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This short essay will analyze the representation of violence in The lottery By Shirley Jackson.
The late 1940’s were a great time to be alive, it had simple ties that made each day brighter. Dancing teen-agers, playful kids, and gossiping wives filled the town, all in anticipation for this little black box that was the cent or their tradition. Throughout The Lottery Shirley Jackson uses tone and symbolism to illustrate acts of violence.
In the beginning of the story, the children of the town are playing and adults are all gathered around talking to each other harmlessly. Jackson describes the children “breaking into boisterous play” and “stuffing their pockets full of stones” representing that the children are having a great, care free time. At the same time the men in the story “speak of plating and the rain” while “surveying their own children” as they waited on the women to come and stand with them before the big town meeting. It seems as if everything is well within the town they are all uneasy inside. However, the town keeps its straight face to portray that all families are thriving.
The town gathered around the square when Mr. Summers came into it. He was a man “who had time and energy to devote to civic activities” and he was “carrying the black wooden box”. The wooden black box is a symbol of the lives of the people that live in this town. “The black box grew shabbier and shabbier each year”, the people’s lives are becoming worse with the lottery each year like the black box that can’t be renewed.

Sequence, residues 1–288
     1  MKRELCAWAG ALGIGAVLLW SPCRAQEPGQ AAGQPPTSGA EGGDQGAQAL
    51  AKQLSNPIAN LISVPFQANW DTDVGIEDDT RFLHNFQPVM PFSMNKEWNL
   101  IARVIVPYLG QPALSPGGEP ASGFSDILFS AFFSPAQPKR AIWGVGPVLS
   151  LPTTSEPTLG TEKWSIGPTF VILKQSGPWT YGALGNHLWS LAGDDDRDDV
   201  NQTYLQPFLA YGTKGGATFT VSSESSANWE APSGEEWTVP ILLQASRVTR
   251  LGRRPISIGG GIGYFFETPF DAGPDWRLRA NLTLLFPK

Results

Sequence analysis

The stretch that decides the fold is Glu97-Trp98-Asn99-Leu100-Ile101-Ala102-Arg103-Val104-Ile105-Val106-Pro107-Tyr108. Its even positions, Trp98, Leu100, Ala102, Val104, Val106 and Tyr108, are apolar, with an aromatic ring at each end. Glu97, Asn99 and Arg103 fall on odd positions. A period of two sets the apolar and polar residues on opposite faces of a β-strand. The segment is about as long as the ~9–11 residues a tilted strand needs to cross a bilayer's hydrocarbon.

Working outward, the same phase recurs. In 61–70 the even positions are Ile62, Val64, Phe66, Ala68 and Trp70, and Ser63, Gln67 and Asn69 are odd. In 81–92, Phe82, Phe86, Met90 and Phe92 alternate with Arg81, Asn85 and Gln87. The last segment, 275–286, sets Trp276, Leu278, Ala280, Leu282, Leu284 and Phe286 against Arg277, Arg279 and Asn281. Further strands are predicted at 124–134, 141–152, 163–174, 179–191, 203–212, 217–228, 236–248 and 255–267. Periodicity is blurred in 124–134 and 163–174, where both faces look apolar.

At the end of the story the author uses the tone of intensity to demonstrate the beginning of violence. Nancy was part of the chosen family “and her school friends breathed heavily as she went forward”, because they didn’t want her to get hurt. Lucky for them she was not chosen by the lottery, but her mother Tessie was. Tessie was “gasping for breath” as the violence or the lottery started. Then as it she let out one last intense scream before “they were upon her”.
In conclusion, in The Lottery Jackson demonstrates the acts of violence through tone and symbolism. Instead of writing about the violent stoning in the town he used tone to show the nerves of the people, and how on edge they were. The symbolism of the box is the part of their lives that they don’t want to see all the time but they must use it once a year, but each year is worse than the last. The story ends with Tessie begging for mercy and claiming that the lottery isn’t fair. The reader can make the conclusion that she was stoned by her neighbors, friends and family.
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